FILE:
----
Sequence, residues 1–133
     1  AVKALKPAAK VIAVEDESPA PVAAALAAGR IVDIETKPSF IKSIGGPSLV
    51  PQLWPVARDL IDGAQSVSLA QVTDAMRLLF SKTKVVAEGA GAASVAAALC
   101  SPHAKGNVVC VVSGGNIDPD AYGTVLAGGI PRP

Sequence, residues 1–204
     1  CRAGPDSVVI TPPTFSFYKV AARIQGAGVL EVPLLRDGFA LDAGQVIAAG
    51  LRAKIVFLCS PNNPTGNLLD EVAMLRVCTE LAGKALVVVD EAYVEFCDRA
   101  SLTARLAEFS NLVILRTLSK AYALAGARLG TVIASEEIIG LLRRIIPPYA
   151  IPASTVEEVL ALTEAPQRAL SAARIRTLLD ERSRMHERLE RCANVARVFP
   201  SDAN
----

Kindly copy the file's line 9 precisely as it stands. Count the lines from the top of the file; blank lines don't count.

   151  IPASTVEEVL ALTEAPQRAL SAARIRTLLD ERSRMHERLE RCANVARVFP